University of Vermont

Cultivating Healthy Communities

Stormwater Diversion Practices Benefit Vermont Water Quality

Advances have been made in methods for treating stormwater pollution, the fastest-growing threat to Vermont's water quality. Both rain and snow melt pick up sediment which can impair surface waters but rain gardens and buffer strips provide simple solutions to managing this runoff.

Lake Champlain Sea Grant staff worked with two communities to address runoff by providing on-site guidance and technical assistance, building five roadside rain gardens in one community, and one rain garden and an infiltration trench in the other to control runoff from an impervious tennis court surface.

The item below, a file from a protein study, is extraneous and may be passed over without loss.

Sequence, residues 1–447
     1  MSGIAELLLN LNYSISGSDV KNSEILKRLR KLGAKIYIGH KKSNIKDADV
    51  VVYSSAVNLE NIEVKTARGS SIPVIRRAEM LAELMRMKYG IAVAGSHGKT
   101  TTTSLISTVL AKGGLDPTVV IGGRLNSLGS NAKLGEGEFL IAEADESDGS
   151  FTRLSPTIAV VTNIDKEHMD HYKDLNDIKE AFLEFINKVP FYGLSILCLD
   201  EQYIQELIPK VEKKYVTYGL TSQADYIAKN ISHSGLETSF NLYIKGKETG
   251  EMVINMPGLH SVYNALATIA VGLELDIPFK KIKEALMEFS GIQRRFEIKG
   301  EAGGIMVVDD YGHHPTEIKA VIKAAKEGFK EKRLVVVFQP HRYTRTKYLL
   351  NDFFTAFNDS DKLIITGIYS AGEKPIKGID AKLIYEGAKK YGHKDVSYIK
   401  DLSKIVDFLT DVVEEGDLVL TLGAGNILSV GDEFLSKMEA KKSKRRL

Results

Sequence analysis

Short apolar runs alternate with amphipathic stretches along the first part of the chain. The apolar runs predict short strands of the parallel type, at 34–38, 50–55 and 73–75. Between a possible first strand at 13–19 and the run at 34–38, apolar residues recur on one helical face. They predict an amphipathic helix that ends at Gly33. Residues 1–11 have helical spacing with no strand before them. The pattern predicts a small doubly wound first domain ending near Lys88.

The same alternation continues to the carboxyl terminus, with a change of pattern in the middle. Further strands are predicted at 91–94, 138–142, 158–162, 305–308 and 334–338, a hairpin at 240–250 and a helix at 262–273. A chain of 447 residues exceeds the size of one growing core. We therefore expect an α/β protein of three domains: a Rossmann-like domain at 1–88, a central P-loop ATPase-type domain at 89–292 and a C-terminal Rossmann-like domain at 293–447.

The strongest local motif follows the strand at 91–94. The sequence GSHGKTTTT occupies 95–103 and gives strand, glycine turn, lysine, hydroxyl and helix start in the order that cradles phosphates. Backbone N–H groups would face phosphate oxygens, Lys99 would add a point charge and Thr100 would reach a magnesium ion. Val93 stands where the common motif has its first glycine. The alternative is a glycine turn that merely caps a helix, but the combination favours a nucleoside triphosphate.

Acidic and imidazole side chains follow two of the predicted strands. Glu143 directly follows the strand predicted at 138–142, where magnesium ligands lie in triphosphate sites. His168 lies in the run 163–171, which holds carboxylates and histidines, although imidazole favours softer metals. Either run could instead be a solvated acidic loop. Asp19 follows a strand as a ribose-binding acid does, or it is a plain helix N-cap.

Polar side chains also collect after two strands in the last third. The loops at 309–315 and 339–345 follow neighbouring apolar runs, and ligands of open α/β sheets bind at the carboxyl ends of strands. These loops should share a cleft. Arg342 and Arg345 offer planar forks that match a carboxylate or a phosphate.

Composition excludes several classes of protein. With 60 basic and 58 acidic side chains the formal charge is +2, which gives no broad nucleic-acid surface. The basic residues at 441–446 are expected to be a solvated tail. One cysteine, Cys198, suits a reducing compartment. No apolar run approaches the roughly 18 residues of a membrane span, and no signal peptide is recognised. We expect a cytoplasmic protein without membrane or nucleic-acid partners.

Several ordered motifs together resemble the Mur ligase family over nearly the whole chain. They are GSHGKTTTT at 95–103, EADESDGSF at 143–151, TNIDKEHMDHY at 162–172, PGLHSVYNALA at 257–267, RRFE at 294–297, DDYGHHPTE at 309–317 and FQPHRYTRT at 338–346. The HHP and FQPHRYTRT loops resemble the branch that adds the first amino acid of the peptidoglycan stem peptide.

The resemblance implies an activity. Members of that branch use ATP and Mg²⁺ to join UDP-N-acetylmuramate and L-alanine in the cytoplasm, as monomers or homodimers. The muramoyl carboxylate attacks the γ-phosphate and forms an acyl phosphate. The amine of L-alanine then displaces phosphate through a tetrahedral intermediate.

The community with the five roadside rain gardens had 8.49 inches of rain last year and treated 25,308 square feet of impervious surface, displacing 120,379 gallons of storm water. The tennis court produces 7,200 gallons of water for every one-inch rain event. Small -- but significant -- efforts such as these divert hundreds of thousands gallons of sediment-filled storm runoff from further threatening Vermont water quality.

Contact: Jurij Homziak, Watershed Management Specialist/Lake Champlain Sea Grant Executive Director, 802-656-0682,